In the finals, my school played a school that had 26 state titles. That school also did not exist in 1960. To be fair, it is a smaller school, so it wasn’t in the same classification in most of those years.

It was a low-scoring game with a lot of turnovers, but it seemed that the school that was used to state championships would pull it out when that school took a 14-7 lead into halftime (after a long drive to end that half) and still led 14-10 after the third quarter.

A number of second-half drives by both teams had stalled (or ended in turnovers) right outside of field-goal range, and obviously one ended in field-goal range. The other team got as close as the 25-yard line, but apparently that wasn’t quite a comfortable enough distance.

The player of the game was a running back, so the success my school had was mostly on the ground. But somehow with about 9 minutes to play, they drew up and completed a long touchdown pass of 45 yards. The team only had 112 yards of passing the entire game, including that play, against 217 rushing yards.

A combination of running down the clock and good defense took care of the rest of the game.

Normally you get more used to things like this after you find out, but due to the result, it’s only gotten more surreal since seeing that video. What adds to it is I ran (without much success) on the cross-country team in high school, and when I graduated we had never won a state championship in that sport. This was not the cross-country team’s first state title since I graduated; but it still adds to my feeling of disbelief to know my school holds what I consider the two biggest state titles of the fall, both of which seemed so elusive 10-20 years ago.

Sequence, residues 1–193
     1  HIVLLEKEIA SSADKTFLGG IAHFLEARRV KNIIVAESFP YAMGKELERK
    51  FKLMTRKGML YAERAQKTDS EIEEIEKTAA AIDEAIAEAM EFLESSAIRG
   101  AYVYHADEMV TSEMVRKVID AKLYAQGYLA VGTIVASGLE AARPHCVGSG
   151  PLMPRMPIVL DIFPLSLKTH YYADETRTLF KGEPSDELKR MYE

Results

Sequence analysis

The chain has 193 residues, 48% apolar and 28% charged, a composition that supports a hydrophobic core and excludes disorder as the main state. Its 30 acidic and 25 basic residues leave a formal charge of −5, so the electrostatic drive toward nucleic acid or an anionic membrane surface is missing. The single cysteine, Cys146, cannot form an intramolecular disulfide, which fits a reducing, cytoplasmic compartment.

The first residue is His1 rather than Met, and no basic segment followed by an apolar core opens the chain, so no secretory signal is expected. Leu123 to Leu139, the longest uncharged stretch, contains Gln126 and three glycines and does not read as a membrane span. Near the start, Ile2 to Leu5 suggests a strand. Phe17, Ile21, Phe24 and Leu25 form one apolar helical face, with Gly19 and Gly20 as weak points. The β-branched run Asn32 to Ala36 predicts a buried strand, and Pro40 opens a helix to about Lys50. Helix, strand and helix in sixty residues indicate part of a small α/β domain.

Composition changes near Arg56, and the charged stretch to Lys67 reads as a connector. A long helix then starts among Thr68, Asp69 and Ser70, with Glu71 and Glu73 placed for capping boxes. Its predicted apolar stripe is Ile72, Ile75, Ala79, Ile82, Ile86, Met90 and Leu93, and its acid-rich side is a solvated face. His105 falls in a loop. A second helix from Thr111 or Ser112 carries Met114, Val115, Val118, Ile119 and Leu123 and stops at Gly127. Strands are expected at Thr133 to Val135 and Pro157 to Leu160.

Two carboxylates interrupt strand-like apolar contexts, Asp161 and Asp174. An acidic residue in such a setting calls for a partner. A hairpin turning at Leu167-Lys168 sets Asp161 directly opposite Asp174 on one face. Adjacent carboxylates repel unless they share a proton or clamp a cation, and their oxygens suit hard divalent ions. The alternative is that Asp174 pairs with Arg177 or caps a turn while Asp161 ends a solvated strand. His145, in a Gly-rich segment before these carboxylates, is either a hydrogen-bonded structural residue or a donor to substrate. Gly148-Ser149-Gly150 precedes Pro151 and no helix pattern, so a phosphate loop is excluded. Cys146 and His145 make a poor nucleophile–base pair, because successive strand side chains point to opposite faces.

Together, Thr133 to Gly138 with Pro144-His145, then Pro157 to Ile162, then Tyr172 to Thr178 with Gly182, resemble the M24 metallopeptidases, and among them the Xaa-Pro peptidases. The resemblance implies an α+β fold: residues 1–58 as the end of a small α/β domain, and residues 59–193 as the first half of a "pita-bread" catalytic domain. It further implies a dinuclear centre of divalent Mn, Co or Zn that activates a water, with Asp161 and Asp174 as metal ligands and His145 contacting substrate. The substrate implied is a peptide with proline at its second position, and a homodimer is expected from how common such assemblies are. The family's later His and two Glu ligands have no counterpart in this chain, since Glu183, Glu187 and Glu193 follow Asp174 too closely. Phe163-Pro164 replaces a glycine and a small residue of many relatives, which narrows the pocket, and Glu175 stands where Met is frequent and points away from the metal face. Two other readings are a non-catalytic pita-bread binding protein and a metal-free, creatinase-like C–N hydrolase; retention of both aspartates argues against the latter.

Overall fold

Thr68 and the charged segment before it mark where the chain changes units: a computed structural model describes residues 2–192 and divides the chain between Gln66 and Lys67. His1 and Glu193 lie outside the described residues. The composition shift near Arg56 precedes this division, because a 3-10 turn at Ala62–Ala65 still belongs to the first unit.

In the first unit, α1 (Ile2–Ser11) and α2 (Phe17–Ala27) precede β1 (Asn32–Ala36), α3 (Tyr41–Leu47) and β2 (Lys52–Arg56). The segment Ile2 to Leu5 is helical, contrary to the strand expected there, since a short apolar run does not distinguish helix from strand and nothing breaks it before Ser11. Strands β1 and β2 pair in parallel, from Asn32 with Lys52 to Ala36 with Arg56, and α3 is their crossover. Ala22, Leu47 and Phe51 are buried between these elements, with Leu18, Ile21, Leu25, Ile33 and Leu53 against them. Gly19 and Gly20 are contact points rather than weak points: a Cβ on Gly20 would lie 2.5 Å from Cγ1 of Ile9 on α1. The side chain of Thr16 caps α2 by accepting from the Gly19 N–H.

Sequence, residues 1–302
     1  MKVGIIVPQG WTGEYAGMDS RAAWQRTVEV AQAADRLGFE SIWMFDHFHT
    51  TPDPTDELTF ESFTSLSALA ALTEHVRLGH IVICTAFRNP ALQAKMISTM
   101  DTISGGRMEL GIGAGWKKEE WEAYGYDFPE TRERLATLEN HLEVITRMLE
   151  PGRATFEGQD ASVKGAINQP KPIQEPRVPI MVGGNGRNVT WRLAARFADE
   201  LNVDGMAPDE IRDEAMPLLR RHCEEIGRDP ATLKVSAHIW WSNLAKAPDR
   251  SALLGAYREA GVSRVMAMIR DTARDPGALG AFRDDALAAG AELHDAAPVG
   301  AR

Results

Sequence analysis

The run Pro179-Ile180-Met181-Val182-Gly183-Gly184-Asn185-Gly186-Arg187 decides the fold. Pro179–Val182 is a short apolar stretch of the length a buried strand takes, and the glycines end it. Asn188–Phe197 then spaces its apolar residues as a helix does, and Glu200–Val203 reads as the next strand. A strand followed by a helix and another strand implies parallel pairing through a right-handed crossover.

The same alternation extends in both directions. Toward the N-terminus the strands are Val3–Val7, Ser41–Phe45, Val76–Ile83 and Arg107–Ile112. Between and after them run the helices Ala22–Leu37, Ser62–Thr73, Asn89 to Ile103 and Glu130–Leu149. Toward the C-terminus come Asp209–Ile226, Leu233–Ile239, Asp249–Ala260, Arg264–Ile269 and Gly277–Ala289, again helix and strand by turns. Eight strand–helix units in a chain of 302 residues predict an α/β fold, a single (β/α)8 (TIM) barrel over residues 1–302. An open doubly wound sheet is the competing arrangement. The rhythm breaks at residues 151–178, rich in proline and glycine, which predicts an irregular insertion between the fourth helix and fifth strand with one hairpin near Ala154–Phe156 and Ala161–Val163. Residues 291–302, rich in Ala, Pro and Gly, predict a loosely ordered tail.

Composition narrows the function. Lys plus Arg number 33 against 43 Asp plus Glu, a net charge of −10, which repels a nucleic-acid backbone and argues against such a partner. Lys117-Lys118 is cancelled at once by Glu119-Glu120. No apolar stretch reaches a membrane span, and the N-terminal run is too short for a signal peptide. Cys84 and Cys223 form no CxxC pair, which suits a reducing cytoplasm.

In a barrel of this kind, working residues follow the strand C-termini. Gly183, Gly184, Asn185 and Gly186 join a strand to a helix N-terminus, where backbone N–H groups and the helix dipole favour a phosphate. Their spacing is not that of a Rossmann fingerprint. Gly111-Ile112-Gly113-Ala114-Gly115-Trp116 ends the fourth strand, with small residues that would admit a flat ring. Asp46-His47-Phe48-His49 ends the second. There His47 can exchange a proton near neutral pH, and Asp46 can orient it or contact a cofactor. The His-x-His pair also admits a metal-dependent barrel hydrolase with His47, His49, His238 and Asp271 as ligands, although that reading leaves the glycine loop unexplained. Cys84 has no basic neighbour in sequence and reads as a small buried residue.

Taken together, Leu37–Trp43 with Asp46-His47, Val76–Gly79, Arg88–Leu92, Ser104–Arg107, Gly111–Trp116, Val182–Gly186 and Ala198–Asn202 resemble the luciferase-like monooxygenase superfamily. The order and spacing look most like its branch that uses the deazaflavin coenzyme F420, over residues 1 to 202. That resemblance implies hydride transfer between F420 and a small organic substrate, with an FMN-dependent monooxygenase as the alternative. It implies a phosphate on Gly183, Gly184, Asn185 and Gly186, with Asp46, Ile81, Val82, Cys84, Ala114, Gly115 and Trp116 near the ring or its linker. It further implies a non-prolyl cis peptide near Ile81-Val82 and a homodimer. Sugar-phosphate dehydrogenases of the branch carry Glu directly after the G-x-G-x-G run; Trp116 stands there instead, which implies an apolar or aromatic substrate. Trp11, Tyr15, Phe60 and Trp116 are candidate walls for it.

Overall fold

College Football Top 25 Week 6

In College Football, Me, Rankings, Rankings Commentary, Rivalry on October 6, 2013 at 2:56 PM

I do have my computer ratings up. They’ve been edited within the last couple of hours, so you may want to check them out again if you were one of the early birds. However, I decided on one more transitional week to my top 25. The order of the teams is still too far off of the way I have it, and next week is a huge week in the SEC (LSU/Florida, Georgia/Missouri, Texas A&M/Ole Miss) in addition to other games such as Washington/Oregon, Oklahoma/Texas, Louisville/Rutgers, Wisconsin/Northwestern, and USC/Arizona. USC and Texas have had disappointing years so far, but they still have a chance to win their respective games.